I sense we’ll see a large amount of stock coming to market after lockdown, and some of the reasons behind this will not be particularly pleasant but will be the reality of the situation. Namely, people might come to the conclusion from lockdown that they can’t live together and there will be people who have passed away whose homes will subsequently be put up for sale. Not forgetting those who were planning on a Spring listing and want to get ‘moving’ on this ASAP.

Clearly, there is some light at the end of the tunnel and other countries might point the way towards a more positive situation. Lockdowns have begun to be eased in some European countries, with the opening of construction sites and manufacturing, while there has been some speculation from the UK Government that schools would also begin to be opened again. Getting people back to work when it is safe to do so is clearly important and, certainly from our perspective, if we were able to allow our surveyors to begin physically valuing properties again, this would be a major step forward.

At present however, that is not the case, and at SDL Surveying we are focused on supporting those lenders who can accept automated and desktop valuations in order to process applications. It has been heartening to see more lenders utilising the services we offer in this area, and an acceptance that in order to move transactions through the pipeline, there has to be renewed commitment to these types of valuations. This could be a pivotal moment for the sector and one that is likely to be continued and reflected in a post-COVID-19 marketplace.

So, while short-term data and statistics might not seem particularly positive, we must remember to work with the reality we have and prepare for the reality to come. It might be more positive than many anticipate, and we still have to deal with the situation as it presents itself, continuing to do the best for our clients. We will come out the other side and when we do, the market has all the potential to recover, and recover quickly. Let’s make sure we’re prepared for that eventuality.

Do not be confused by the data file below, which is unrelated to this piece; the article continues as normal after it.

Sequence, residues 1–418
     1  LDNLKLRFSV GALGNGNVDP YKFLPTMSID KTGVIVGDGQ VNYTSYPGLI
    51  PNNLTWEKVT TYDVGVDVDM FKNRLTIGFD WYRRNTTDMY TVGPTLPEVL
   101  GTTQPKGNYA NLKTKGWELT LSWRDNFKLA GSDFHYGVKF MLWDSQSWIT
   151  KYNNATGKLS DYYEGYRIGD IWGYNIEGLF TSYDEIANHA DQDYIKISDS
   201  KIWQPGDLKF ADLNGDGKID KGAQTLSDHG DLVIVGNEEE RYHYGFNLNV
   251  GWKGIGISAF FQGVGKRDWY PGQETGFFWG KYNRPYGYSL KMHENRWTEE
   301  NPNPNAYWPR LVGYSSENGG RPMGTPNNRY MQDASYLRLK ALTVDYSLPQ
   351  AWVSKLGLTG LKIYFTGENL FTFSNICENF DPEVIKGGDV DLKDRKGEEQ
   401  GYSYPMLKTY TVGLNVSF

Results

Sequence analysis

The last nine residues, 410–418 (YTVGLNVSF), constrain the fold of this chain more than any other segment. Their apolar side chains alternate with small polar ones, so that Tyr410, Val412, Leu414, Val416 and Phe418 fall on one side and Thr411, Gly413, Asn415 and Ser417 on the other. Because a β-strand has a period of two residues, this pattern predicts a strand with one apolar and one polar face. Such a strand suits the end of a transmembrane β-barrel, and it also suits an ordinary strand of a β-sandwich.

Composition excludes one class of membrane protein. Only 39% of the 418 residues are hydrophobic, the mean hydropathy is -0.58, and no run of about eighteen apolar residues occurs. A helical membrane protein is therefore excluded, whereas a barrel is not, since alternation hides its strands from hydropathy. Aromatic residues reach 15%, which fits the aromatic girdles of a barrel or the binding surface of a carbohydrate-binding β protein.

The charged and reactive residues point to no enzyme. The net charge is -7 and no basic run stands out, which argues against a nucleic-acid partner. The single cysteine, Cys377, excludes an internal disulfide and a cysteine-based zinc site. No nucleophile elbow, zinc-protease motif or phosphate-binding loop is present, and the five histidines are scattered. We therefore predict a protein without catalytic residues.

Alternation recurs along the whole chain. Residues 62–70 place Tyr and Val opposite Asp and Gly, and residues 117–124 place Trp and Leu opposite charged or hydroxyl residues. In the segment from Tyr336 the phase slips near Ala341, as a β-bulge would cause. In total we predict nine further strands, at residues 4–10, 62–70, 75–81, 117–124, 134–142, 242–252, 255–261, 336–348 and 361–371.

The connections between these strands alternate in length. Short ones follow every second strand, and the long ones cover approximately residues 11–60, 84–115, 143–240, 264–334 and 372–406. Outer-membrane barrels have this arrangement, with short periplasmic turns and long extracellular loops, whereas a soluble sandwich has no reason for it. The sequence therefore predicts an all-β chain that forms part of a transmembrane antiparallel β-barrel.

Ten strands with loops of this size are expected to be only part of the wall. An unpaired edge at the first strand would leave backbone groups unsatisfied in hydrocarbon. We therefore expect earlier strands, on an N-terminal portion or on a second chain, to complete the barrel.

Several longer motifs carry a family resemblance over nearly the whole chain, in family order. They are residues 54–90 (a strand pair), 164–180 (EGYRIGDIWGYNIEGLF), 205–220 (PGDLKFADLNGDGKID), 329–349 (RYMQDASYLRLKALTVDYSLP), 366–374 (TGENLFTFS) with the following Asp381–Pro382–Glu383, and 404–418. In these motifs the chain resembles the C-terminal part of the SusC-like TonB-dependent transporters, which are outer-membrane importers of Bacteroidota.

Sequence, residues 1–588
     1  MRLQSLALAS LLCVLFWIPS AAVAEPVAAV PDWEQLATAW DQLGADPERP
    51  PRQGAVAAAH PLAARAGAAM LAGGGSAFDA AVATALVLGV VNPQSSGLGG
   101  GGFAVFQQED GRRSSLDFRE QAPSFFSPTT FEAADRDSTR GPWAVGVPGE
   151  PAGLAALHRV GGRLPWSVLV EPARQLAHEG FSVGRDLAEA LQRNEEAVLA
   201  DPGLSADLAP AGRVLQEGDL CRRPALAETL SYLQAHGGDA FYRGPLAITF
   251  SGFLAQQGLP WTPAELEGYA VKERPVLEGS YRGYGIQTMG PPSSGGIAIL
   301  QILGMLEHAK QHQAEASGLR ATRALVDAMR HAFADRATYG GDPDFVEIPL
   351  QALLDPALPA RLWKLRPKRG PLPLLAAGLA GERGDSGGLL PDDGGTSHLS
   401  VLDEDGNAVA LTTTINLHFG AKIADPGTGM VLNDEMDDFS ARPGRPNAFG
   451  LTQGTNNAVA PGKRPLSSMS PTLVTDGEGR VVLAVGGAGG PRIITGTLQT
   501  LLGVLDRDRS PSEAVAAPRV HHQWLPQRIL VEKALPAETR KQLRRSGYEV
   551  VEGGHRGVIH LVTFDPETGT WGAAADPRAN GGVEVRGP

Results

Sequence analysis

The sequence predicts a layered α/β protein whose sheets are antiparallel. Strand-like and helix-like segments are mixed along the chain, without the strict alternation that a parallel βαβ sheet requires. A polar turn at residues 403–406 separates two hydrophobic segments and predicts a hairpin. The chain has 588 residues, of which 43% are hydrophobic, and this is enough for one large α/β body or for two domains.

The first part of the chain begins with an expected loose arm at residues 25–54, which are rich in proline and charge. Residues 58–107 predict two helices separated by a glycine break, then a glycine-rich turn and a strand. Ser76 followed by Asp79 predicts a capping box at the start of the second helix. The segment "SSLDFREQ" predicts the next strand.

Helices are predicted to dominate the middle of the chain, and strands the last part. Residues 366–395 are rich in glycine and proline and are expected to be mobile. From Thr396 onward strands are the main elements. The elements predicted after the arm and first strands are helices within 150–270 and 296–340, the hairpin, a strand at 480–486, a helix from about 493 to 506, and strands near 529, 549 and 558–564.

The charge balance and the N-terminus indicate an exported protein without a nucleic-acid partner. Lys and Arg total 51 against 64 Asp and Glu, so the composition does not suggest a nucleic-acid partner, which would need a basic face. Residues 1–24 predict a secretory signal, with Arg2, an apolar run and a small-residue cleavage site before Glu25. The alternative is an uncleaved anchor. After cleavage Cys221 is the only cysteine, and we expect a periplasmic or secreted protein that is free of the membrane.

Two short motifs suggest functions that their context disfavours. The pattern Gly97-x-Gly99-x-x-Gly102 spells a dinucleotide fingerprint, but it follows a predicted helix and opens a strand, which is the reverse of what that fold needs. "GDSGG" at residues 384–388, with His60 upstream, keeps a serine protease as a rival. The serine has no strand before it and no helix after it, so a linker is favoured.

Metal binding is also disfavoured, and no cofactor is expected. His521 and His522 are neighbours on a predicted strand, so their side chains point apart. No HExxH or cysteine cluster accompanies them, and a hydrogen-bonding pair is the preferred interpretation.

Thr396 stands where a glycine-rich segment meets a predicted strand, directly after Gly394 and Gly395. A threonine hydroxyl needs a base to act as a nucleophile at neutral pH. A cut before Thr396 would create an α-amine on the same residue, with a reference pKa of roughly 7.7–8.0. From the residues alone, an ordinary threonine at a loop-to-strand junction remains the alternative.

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Chetwynd Business Park, 3 – 4 Regan Way, Nottingham

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  • Avatar Karen Howells-Lee ★★★★★ in the last week
    Great service from this company. Arranged by my lender, SDL rang to book an appointment … read more very quickly. Then rang back to offer an earlier slot. Paul rang 30 mins before arriving as promised. He was extremely pleasant, helpful and thorough. No complaint from us at all.
  • Avatar Greg Gibson ★★★★★ a week ago
    The surveyor who attended was extremely professional, showing covid awareness and … read more politeness from the very start. He was informative, engaging and made what could have been a strictly procedural meeting, a more personable and enjoyable one. We shared good conversation and SDL should be made aware that this surveyor represents the company in an excellent way. Would definitely recommend their services as a result
  • Avatar Michael Carney ★★★★★ 5 months ago
    I thought the service provided by Richard from SDL Surveying was fantastic. Gave … read more me a call the day of the survey to talk through his findings. Then once I had received the report, kindly talked me through the final report and answered my many questions. In what can sometimes be a painful experience, Richard made things super simple.